Dilip Vengsarkar has stated that elite and plate system acts as an inspiration for the teams to perform well and asked the BCCI to reintroduce it in the Ranji Trophy. He also feels that it's time that the BCCI gives more annual grants to associations whose teams do well in the Ranji Trophy.
During his tenure as the head of the technical committee, in 2002, Sunil Gavaskar introduced the Elite and Plate Divisions to spruce up the tournament, but that was scrapped in 2012 and instead, the committee led by Sourav Ganguly and Anil Kumble recommended that three tiers of nine teams each be formed. This year, the number of groups were expanded to four to reduce the quantity of the matches. Now with the season being done and dusted, it raised a few questions, with the good performers having little incentives for the next year. That prompted Wassim Jaffer to suggest introducing the old format once again and he got the backing of Dilip Vengsarkar now.
"I 100 percent agree with what Jaffer has said. There is a tendency with teams who are not doing well to not try hard enough because there's no incentive or nothing to look forward to for them. To stop this kind of attitude amongst these teams, the BCCI would do well to give more money to state associations who teams make it to the knockout stages of the Ranji Trophy. There will then be an incentive for the teams to stay in the Elite league and win tournaments, like Vidarbha did," Vengsarkar told TOI.
Vidarbha's maiden Ranji Trophy triumph on can be attributed to the brilliant management of Vidarbha Cricket Association as they used the money at their disposal to invest in grassroots cricket eight years back. In 2009, the VCA, under the management of former BCCI president Shashank Manohar, had launched a residential cricket academy in Nagpur, which saw many kids from the interiors turn into Ranji level cricketers under the watchful eyes of former India seamers Prashant Vaidya and Subroto Banerjee. Vengsarkar has been really pleased by that and feels it's time that the BCCI gives more annual grants to these associations whose teams do well in the Ranji Trophy than to those whose sides still merely make up the numbers in domestic cricket.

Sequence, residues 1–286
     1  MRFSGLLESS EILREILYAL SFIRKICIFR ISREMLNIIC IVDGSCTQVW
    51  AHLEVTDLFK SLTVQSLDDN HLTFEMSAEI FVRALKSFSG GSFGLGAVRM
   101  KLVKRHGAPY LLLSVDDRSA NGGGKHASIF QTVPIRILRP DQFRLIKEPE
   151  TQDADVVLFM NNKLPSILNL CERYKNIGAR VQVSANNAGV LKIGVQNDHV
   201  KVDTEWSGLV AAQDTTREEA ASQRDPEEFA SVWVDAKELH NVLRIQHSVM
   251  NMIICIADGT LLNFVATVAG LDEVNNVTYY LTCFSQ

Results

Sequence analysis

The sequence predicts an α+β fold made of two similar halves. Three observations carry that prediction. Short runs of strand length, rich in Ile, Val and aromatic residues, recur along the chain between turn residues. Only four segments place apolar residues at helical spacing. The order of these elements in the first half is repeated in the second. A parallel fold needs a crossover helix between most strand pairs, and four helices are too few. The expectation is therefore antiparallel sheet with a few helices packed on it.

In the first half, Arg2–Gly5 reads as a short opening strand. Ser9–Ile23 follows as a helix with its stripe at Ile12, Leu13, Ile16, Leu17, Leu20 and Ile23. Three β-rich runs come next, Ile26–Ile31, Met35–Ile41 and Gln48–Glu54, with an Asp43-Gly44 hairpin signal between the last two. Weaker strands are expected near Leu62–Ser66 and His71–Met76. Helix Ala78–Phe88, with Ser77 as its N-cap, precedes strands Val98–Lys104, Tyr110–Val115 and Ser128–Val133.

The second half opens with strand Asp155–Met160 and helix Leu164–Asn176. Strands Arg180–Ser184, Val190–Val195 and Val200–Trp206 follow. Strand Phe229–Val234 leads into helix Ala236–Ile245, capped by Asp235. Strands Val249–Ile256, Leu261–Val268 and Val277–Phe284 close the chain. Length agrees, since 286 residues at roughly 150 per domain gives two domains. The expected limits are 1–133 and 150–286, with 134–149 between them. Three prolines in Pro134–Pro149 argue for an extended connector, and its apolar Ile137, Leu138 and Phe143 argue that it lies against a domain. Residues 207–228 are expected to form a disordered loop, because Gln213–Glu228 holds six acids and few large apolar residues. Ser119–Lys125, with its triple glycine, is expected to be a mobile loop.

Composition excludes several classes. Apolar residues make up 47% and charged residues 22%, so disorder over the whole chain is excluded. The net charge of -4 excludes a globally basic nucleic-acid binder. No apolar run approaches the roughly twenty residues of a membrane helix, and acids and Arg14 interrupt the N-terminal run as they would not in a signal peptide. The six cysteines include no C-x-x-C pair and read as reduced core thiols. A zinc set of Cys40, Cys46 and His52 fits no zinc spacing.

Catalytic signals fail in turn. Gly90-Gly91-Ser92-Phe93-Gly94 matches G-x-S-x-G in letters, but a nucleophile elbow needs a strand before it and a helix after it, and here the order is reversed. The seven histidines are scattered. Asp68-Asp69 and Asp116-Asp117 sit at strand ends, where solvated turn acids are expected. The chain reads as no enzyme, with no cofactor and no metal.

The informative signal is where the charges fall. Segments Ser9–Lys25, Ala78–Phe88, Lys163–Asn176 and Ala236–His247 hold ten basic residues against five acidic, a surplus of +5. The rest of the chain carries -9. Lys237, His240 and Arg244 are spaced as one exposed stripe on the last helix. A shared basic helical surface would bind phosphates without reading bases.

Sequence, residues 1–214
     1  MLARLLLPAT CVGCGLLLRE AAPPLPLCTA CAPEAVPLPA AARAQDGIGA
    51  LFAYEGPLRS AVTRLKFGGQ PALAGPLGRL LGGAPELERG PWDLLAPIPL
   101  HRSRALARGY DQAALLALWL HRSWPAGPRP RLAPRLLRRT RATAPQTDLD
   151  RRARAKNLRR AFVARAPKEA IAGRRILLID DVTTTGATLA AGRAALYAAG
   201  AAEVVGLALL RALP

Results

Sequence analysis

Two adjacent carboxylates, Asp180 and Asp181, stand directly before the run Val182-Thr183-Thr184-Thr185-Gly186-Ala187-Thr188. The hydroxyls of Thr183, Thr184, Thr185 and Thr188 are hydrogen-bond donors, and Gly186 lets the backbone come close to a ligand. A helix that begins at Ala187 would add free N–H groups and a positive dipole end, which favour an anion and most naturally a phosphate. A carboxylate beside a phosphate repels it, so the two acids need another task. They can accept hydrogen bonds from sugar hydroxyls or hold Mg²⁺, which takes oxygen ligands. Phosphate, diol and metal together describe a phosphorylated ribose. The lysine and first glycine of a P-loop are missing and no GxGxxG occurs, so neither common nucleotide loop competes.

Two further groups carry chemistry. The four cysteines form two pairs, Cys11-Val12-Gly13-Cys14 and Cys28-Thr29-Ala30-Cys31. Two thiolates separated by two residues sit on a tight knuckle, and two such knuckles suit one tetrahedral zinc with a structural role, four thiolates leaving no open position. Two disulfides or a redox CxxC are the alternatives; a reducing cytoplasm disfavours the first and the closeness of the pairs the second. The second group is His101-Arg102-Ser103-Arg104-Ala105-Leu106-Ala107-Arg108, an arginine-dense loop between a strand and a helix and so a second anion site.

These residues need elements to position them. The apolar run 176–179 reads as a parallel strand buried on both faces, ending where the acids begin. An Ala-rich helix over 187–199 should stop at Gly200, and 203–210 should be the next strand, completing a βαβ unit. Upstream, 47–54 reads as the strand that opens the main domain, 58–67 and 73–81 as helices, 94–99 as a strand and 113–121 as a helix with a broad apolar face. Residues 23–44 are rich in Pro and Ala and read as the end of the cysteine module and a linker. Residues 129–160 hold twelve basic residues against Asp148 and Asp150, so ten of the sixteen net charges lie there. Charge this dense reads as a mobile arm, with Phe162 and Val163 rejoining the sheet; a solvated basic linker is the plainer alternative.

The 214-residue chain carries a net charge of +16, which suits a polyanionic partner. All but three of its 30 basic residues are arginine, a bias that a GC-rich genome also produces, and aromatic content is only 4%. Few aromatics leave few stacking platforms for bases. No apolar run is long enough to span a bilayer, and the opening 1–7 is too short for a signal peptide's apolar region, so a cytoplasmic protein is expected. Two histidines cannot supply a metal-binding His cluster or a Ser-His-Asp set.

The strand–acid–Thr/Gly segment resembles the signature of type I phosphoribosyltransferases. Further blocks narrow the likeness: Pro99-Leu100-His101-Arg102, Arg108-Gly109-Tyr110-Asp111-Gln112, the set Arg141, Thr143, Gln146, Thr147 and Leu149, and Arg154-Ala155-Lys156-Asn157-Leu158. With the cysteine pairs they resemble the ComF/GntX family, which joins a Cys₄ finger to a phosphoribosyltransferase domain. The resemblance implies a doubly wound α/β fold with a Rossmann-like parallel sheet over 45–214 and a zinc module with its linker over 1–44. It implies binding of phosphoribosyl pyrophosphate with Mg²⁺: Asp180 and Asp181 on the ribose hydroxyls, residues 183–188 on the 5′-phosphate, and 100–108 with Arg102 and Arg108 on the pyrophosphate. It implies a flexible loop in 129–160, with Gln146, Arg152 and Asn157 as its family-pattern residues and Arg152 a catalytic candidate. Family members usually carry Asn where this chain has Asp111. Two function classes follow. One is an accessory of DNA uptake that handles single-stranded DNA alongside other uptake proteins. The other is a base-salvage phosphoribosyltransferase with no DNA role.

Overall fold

"There are some teams which have been languishing for years in the lower rankings of the Ranji Trophy. And it seems that there's hardly any
A maiden appearance in the Ranji Trophy final after ending Karnataka's juggernaut, Vidarbha wrapped up their fairytale journey inside four days in the final against Delhi with a nine-wicket victory to lift the coveted trophy. The win also marked the shift in Indian cricket’s paradigm from big centers to small cities and Vengasarkar, despite being the president of Mumbai Cricket Association, couldn’t be happier.
"I'm glad for Vidarbha. They had the players who believed in themselves. Vidarbha's win is very good for Indian cricket because a lot of players are emerging from smaller cities like Nagpur. It's a good change in Indian cricket, and a sign that the game has spread far and wide in India and everyone is doing well," the 61-
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